They would be alongside in a matter of minutes. Cursing with frustration and anguish, Captain Dickerson ordered his mate to heave to.
's weather deck was twice as high off the water as the xebec bumping up against her starboard side. Nonetheless, the heavily armed boarding party had no trouble clawing their way up on ropes tossed over the brig's bulwarks to secure the two vessels together. On the corsairs' flush decks, pirates brandishing muskets covered them on the ascent while others stood by the 6-pounder guns.
There were eight in the boarding party. All bore the physical attributes of Arabic pedigree except for one, who appeared GermanicâDutch perhaps, for he was blond and fair-skinned and totally at ease with the ways of the sea. By all indications he was a Christian sailor who, after his capture, had “turned Turk” to join the pirates and avoid prison. Their leader, distinguishable by the length of his jet-black beard, his menacing tone of authority, and the red sash he wore around the waist of his loose-fitting trousers, introduced himself to John Dickerson as
Ali bin Hassan. In broken English he announced that the Americans were now prisoners of Dey Baba Mohammad bin Osman, and would the captain please direct his crew to make sail for Algiers.
Allahu Akbar min kulli shay!
Among those reluctantly shuffling off to their stations to comply with their captain's order was a tall, sandy-haired, twenty-one-year-old foretopman from Hingham, Massachusetts, named Caleb Cutler.
Antigua, British West Indies, August 1786
T HAD BEEN A MEMORABLE reunion. Richard Cutler had not seen Robin and Julia Cutler, his English cousins, since April of 1782, when Richard and Katherine and baby Will had left Barbados to sail home to America. He had found the family compound much as he had left it on that occasion, tucked in amongst the rolling green fields northeast of Bridgetown, fully engaged in the production of sugar and its by-products. The only major addition to the compound had been a twenty-vat rum distillery, constructed in 1783 adjacent to the boiling house.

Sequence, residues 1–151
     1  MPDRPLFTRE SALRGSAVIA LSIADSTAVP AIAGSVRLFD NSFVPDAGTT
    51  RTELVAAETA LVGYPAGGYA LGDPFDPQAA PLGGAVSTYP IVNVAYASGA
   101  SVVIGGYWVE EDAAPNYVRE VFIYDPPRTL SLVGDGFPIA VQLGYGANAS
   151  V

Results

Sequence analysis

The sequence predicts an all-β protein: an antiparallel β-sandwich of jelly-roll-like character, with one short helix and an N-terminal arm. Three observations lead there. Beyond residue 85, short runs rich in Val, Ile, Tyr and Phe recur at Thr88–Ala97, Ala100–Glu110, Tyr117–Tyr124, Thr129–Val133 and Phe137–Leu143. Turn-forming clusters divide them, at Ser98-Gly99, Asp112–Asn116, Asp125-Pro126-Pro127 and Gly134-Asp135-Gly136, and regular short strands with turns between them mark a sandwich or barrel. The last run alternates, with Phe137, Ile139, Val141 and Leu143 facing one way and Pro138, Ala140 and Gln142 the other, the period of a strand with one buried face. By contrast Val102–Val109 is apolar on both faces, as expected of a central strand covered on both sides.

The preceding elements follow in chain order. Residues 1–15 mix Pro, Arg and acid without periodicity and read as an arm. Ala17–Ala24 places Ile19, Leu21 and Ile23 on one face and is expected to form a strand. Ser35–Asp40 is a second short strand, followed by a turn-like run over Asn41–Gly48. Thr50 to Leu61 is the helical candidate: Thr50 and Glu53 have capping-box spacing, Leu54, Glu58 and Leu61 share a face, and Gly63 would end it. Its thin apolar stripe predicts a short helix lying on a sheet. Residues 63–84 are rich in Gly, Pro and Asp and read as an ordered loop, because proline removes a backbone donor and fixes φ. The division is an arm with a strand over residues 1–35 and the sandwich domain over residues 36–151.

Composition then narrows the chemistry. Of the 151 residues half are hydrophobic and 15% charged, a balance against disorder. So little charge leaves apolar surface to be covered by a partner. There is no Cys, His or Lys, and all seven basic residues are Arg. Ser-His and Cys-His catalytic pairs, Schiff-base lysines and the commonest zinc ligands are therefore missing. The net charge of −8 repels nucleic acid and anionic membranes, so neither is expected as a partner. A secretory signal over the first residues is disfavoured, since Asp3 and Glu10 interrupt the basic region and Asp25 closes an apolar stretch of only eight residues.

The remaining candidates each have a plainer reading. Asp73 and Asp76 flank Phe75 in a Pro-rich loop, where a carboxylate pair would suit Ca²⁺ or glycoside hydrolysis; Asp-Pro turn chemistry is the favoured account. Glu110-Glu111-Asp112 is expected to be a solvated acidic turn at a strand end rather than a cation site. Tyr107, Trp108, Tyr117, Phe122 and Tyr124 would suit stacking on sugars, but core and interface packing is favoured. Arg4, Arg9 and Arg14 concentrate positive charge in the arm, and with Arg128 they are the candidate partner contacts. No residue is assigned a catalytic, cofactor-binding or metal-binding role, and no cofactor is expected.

Though he considered himself more a sailor than a planter or merchant, Richard had surprised even himself in the joy he took reviewing the entire process with Robin, from the slashing of the cane by Creole slaves wielding machetes, to the collection of juice under great horizontal rollers driven by the sails of two giant windmills, to the boiling in the coppers, to the glorious transformation of cane juice into molasses and sugar, and, ultimately, pitch black rum. Just last month, the first shipments of Cutler rum, fermented for almost three years in thick casks of New Hampshire white pine, had been dispatched aboard the Cutler brig
from Long Wharf in Boston to the port of Naples.